Your choice of primer is critical to the success of this project. Unless the shelving is already painted and you're only changing the color, use either an oil-based primer, or shellac-based primer. When spray painting shelves and other unpainted surfaces, I use BIN shellac primer. I find that it sprays really nice and levels out better than oil primer does. You don't have to thin BIN primer for your HVLP sprayer. You will likely have to thin oil-based primer. If you decide to go with oil primer, my favorite is Cover Stain, also a Zinsser product.

My process for spraying primer and paint:

  1. Spray first coat of primer
  2. Sand and remove dust
  3. Spray second coat of primer
  4. Sand and remove dust
  5. Spray first coat of enamel
  6. Lightly sand
  7. Spray final coat of enamel

Starting at the top of the shelving and working your way down, spray a solid coat of BIN primer, or whatever primer you choose. If the surface is already painted, a water-based primer is fine, but use a bonding primer. BIN primer is dry enough for a re-coat in about forty-five minutes to one hour.

Sand between coats of primer with 220-grit sandpaper and remove the dust with a vacuum, or forced air. Dust removal is crucial. Powder from over-spray and sanding dust gets trapped in the corners and leaves rough spots in the finish if you spray over it. Spray a second coat and sand it when dry.

The Best Paint for Bookshelves

Don't use wall paint on the shelving. The paint won't be durable enough to resist scratch and scuff marks. Water-based enamel, or water-based alkyd enamel, are two of the better options to go with for shelves.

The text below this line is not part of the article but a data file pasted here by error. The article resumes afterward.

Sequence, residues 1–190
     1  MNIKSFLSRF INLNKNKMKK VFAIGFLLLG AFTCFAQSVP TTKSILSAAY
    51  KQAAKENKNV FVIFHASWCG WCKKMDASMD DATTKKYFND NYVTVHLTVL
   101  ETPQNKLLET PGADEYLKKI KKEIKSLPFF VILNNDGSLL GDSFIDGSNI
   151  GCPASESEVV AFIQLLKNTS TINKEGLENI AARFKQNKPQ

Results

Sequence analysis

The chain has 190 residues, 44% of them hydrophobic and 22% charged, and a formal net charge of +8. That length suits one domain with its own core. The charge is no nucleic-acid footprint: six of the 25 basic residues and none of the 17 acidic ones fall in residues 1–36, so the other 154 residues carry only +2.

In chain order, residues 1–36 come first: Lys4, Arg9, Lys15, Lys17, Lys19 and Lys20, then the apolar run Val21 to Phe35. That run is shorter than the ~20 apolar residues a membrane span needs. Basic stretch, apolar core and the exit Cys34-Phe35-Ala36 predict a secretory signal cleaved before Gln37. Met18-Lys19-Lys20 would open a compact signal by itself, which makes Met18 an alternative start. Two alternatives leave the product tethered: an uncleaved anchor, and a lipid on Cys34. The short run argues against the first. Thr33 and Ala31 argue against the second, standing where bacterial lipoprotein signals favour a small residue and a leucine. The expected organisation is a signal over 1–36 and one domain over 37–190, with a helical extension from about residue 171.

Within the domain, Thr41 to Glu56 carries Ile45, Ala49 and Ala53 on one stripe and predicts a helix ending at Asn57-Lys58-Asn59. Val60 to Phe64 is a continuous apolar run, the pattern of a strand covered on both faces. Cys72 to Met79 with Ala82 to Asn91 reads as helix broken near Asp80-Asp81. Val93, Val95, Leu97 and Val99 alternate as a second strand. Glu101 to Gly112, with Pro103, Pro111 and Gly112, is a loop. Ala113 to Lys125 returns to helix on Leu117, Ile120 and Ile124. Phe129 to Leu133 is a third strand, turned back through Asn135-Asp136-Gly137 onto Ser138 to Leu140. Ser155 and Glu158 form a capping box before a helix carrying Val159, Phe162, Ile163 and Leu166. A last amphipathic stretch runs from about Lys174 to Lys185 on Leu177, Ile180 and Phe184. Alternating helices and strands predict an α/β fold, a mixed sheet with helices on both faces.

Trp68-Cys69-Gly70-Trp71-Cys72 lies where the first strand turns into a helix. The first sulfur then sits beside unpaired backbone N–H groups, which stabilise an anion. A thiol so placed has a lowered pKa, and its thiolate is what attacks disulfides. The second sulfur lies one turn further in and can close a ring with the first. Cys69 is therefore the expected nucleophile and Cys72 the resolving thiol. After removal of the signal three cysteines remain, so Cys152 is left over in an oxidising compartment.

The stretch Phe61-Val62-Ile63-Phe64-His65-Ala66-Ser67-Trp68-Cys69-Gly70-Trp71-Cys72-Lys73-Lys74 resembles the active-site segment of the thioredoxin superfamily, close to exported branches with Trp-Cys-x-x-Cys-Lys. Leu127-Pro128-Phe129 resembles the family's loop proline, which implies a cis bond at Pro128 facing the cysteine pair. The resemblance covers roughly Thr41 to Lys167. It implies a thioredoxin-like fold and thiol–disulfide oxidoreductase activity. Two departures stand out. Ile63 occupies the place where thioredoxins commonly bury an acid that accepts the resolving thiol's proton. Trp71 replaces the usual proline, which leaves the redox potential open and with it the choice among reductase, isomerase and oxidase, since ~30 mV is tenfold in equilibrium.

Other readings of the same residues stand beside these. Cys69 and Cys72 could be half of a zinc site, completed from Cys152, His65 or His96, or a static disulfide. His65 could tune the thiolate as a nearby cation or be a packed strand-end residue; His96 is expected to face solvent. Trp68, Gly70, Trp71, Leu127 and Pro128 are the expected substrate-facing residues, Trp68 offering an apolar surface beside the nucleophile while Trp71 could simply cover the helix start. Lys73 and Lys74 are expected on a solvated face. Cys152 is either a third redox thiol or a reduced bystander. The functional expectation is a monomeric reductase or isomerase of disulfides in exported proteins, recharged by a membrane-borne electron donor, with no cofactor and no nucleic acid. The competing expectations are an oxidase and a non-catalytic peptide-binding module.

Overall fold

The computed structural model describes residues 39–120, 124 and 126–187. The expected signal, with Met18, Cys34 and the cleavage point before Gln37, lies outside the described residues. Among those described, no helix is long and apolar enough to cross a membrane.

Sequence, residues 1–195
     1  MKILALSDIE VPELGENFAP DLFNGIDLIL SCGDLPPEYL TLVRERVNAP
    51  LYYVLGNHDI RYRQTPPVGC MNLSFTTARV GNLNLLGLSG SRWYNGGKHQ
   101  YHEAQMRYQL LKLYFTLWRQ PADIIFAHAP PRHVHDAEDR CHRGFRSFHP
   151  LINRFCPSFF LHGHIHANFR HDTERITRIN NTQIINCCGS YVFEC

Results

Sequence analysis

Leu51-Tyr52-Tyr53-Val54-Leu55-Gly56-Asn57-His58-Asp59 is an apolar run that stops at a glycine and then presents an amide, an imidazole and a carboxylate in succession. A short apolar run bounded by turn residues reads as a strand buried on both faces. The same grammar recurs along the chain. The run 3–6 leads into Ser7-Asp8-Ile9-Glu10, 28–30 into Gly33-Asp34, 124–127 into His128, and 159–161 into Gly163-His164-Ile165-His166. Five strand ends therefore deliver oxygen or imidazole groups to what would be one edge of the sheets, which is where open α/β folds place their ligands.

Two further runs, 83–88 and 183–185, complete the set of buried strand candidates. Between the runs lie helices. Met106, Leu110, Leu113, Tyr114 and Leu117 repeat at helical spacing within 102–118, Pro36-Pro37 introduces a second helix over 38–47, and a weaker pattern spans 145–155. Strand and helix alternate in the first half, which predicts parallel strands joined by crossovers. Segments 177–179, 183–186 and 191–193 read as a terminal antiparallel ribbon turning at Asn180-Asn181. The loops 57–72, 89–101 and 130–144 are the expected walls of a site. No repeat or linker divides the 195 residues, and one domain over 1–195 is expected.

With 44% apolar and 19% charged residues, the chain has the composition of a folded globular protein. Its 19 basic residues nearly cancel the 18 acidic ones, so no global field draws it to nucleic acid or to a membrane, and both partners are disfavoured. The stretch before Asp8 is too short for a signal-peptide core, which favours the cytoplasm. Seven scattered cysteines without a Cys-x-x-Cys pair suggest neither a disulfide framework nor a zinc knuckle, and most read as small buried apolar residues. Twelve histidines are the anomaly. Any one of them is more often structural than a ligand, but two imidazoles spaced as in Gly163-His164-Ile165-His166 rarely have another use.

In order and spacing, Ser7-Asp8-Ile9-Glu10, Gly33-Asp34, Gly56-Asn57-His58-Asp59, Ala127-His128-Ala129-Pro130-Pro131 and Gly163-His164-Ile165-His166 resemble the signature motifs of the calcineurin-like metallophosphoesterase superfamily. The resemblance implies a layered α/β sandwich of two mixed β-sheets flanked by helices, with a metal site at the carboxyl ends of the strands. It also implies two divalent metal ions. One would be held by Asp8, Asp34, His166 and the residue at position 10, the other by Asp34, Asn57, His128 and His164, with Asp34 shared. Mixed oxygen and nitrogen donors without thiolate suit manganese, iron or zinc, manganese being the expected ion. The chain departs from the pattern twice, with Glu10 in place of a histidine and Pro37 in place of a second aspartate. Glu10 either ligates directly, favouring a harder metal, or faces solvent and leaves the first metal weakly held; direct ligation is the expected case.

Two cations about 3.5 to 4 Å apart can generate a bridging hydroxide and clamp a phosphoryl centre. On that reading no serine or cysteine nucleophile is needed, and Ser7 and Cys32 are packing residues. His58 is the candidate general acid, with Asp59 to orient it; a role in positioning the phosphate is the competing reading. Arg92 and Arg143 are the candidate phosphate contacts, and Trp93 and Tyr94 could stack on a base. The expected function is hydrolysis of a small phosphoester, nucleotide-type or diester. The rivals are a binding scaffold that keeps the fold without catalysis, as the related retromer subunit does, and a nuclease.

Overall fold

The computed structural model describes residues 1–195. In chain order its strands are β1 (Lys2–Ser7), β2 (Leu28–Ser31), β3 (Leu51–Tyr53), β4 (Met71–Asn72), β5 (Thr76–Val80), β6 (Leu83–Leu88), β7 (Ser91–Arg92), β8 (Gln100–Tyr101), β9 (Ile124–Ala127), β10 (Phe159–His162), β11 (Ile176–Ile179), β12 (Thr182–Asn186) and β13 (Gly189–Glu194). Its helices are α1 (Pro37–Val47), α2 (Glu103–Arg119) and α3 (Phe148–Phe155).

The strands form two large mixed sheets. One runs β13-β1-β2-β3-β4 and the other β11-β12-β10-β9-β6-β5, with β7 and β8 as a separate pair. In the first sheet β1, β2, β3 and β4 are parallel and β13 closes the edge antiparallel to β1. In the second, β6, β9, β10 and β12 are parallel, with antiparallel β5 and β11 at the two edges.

For the shelf painting project I did, I sprayed Pro Industrial water-based alkyd urethane enamel. This is the contractor version of Emerald urethane, which I have also used a lot in the past. The Pro Industrial urethane enamel is thick in viscosity and must be thinned in order to spray it through an HVLP sprayer.

I've used Sherwin Williams paint most of my painting career, but there are many excellent products on the market. The water-based alkyd products are more durable and washable than regular water-based enamel. Make sure the product you choose has a reasonable re-coat time.

Once you've thinned your enamel and adjusted your spray fan, spray the first coat of enamel. The enamel I used can't be re-coated for four hours. Spray a second coat to enhance gloss and durability. If you sand between coats of enamel, use 320-grit sandpaper and lightly sand to avoid scratching the paint. Let the paint cure for at least a week before placing books and any heavy objects on the fresh paint. For dark colors, which take longer to cure, I wouldn't place anything on top of the paint for a couple weeks.

This content is accurate and true to the best of the author’s knowledge and is not meant to substitute for formal and individualized advice from a qualified professional.

© 2020 Matt G.